A graduate of Dwight School himself, Blake Spahn’s passion for its mission to “ignite the spark of genius” in every student has been reinforced now more than ever. During the pandemic, he saw that the need to pivot and bring in new methods of doing things is crucial to success in our ever-changing climate. And he is confident that his close to 1,000 students will be able to apply the skills they learn in Dwight’s classrooms when they are outside their Upper West Side doors and in real-world situations.
When COVID hit, Dwight administrators had an advantage over many institutions in that they were able to look to their campuses in London, Shanghai, Seoul and Dubai for best practices on how to safely reopen. And as one of the first private schools to start a curriculum fully online, they already had a virtual component in place with Dwight Global, which was created in 2014 to enable talented students to pursue dreams in fields such as acting or sports, but took on new meaning in 2020.
As a third-generation educational administrator, Spahn fondly refers to Dwight School as “a family affair.” His grandfather was head of school at Franklin which later became Dwight, his father has been in the role since 1967, his wife runs its lower and middle school admissions and both his children are current students. When asked what that’s like, he said there’s “nothing nicer” than getting to walk to work with his children. “I used to get in trouble when they were younger because I used to pretend that I was fixing the air conditioner and spend a lot of time in their classrooms,” he explained. “Now they usher me out.”
When it came time to reopen, you took notes from your network of schools in other countries. What was that process like?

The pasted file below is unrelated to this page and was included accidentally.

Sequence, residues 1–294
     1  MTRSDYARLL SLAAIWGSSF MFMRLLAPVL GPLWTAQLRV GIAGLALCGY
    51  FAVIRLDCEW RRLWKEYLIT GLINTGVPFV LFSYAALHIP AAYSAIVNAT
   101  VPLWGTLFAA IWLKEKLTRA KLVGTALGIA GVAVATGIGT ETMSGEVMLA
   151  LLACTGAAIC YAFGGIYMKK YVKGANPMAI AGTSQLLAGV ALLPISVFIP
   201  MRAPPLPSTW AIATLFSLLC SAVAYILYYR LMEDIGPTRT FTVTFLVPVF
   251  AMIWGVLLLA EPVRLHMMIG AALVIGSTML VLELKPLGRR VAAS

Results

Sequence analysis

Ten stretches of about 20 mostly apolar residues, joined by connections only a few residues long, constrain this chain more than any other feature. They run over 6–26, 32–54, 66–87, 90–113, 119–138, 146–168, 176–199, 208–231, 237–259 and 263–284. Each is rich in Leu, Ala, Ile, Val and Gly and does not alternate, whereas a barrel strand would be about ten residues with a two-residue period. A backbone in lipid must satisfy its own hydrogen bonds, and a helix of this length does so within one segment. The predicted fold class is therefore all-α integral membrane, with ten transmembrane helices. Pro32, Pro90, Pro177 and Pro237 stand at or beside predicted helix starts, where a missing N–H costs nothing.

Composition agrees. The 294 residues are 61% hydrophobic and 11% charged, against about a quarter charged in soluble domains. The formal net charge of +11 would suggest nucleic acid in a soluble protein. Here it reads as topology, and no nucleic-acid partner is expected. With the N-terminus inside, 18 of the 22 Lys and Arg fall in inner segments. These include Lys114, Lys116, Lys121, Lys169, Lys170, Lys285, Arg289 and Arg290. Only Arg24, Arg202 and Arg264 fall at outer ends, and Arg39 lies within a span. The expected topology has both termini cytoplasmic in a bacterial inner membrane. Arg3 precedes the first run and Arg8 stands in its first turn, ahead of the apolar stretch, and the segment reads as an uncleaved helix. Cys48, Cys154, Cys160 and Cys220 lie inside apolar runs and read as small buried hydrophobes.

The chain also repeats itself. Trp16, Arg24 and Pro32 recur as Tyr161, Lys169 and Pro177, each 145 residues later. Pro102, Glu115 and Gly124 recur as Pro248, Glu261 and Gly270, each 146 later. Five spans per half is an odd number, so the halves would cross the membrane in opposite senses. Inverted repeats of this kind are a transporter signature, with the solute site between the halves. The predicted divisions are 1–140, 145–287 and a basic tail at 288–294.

In New York, we had the benefit of having our schools in other countries going through this before us. Our school in Shanghai closed in January due to COVID and they actually opened up in late April. Our school in Seoul closed in February; they opened back up in May. And then our school in London shut in April and opened in June. All of those schools opened successfully and none had a case of COVID. We ended up doing a number of Zoom calls with all of the heads of schools in New York state as well as some other states, helping them understand why our schools in these countries were able to open successfully. And for us, we took those lessons, and thought it was a no-brainer to open in late August. The COVID case count was low from a percentage basis in New York. And our view was, in the worst case, even if we had to shut down in a week, at least the kids would be able to bond with their teachers and one another. The older kids can adapt and do extremely well online, but the younger kids, they really need to be in person.
What safety measures were put into place?
It was not easy. We worked the entire summer. Hats off to everyone from the administration to the facilities team to the school nurse. Over the summer, when they were hoping to get time off, they were working 12-, 15-hour days. So nobody had a break. The teachers were preparing themselves to be able to go into this hybrid model. We spent well over a million dollars in COVID preparation. We had to socially distance classrooms, so very often, that means new types of furniture. We had to completely revamp our HVAC system. Imagine every single room, classroom, office, bathroom, we had to install air purifiers with UV and HEPA filters. We had to do things like increase our maintenance staff. We were supplying PPE to all of our community. It was a massive undertaking.